I gave Carr passing mention in a 2012 post about the Journal Register Company’s second bankruptcy, linking to an earlier excellent piece he had written on media bankruptcies. I didn’t comment on this blog about a 2011 profile Carr wrote of the JRC and Digital First Media CEO (and my boss at the time) John Paton. I discussed the piece, though, in a long email thread with Paton and some other DFM confidantes before and after Carr wrote the profile.
While I won’t share the exact comments (unless John gives me permission), I will break the confidence of that private exchange enough to say that Paton and others had some concerns in advance of publication, based on a pretty tough interview with Carr, but we all agreed the final result was fair.
This aside from Paton is also worth mentioning: “One funny exchange: he told me the times wouldn’t let him say copyboy. I had to be a copy aide.”
A 2012 post about the Times-Picayune’s cutback in newspaper print publication gave passing mention to Carr for breaking the story. In a later private email exchange with Paton and other DFM leaders, I said we should use that as a cautionary tale if we cut back print frequency at DFM newspapers (we did at a couple small dailies, but not at any metros):
“The Times-Pic (PR) disaster started w/ Carr breaking the story, so they lost control early & never even played catch-up well. When we make a decision, we need to move quickly & be briefing the media instead of figuring out whether & how to play catch-up.”
In a 2010 post mocking the Times’ declaration that “tweet” had not yet achieved “standard English” status and shouldn’t be used routinely in Times copy, I cited Carr as one of the Times staffers already excelling on Twitter.
Other coverage of Carr’s death and journalism
The New York Times appreciation by A.O. Scott and story on Carr’s death by Bruce Weber and Ashley Southall, ending this way:
‘I now inhabit a life I don’t deserve,’ Mr. Carr wrote at the conclusion of ‘The Night of the Gun,’ ‘but we all walk this earth feeling we are frauds. The trick is to be grateful and hope the caper doesn’t end any time soon.’
Long Reads’ compilation of stories by and about Carr.
Capital New York’s obituary by Joe Pompeo and Jeremy Barr, quoting my old TBD colleague Erik Wemple, a former colleague of Carr’s at Washington City Paper:
I don’t know that a guy could ever have had a better friend than he was to me. For all the successes that he racked up in his own life—a glorious family, fame and influence—he always seemed most pleased when talking about the successes of others.
Though I knew that he lived in a constant state of near-exhaustion with his work life and all the time he gave to family and friends and his students, I guess I just assumed he could go on like that forever.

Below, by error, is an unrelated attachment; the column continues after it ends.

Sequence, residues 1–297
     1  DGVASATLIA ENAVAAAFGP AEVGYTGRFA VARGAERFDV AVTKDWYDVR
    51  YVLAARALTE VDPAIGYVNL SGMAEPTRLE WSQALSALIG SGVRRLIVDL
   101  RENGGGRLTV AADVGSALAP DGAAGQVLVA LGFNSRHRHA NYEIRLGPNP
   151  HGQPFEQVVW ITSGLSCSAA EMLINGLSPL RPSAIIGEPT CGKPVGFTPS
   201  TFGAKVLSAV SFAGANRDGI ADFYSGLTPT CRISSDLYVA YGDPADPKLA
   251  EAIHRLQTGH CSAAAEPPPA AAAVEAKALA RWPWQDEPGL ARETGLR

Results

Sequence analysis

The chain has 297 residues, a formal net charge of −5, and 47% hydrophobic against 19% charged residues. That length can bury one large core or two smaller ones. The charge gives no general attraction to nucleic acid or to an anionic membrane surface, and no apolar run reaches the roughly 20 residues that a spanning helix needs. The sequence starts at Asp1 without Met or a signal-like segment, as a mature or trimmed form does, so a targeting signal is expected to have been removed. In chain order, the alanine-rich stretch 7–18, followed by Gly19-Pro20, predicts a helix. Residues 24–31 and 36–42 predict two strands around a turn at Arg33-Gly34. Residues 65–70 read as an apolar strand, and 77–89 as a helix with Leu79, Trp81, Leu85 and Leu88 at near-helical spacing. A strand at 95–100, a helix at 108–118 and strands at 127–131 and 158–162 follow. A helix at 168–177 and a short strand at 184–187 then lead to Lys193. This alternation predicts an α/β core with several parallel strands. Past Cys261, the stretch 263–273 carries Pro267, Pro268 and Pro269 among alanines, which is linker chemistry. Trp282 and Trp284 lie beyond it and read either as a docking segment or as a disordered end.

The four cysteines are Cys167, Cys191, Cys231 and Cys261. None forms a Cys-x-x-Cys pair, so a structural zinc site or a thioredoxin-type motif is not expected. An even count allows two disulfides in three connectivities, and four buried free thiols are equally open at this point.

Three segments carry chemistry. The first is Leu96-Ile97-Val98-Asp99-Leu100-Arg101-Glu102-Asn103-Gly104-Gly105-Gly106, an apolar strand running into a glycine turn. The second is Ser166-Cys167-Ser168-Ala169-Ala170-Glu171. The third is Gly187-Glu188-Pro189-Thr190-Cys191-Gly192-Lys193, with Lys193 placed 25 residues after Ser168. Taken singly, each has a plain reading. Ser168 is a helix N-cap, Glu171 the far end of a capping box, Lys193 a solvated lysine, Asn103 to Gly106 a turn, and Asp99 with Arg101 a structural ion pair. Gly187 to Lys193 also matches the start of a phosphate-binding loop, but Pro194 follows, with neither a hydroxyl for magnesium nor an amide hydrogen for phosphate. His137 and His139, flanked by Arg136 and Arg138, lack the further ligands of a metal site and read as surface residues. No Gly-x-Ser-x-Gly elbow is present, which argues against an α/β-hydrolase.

I look forward to reading Erik’s full tribute to his friend. Update: Erik delivered. It’s a good read.
I may update this list of coverage and commentary on Carr’s death as more comes in today. The late-night news will probably generate more today.
As expected, I’m updating with links to several other excellent tributes:
- Nick Bilton’s remembrance of Carr advice that changed his life. Bilton, by the way, was the target of @carr2n’s final tweet yesterday afternoon (not counting two later retweets:
— david carr (@carr2n) February 12, 2015
- David Carr’s death has silenced a unique and powerful voice, by Mathew Ingram. I also liked this tweet about the difficulty of writing a Carr tribute:
- Tributes, from all over, for the incomparable David Carr, by Times Public Editor Margaret Sullivan. Our lists overlap slightly already, but I’ll just refer you to hers, rather than duplicating further.
- David Carr is dead by Alexis Madrigal.
- For a young journalist, there was no better champion than David Carr, by Jenni Avins.
Some of the tributes, of course, came on Twitter:
If I had 1/1000th the talent of David Carr, I would know exactly the right thing to say right now. Just numb.
— Aron Pilhofer (@pilhofer) February 13, 2015
Hard to say what’s more impressive about David Carr – the work or how much he meant to so many people. A real, living social network.
— Nick Wingfield (@nickwingfield) February 13, 2015
David Carr would have been tickled that his “Times” obit ran above the fold. To friends, he’d also have said, “It’s a little much, right?” — tad friend (@tadfriend) February 13, 2015
David Brauer remembers
I know David Brauer a little, having followed each other for years on Twitter and having met for lunch once when he was a media reporter in the Twin Cities, and warranted a few mentions in his MinnPost media blog. He knew Carr far better than I did, working together at the Twin Cities Reader in the 1980s.
Brauer’s Twitter remembrance of Carr last night was riveting, capturing the depths and heights he reached in an amazing life: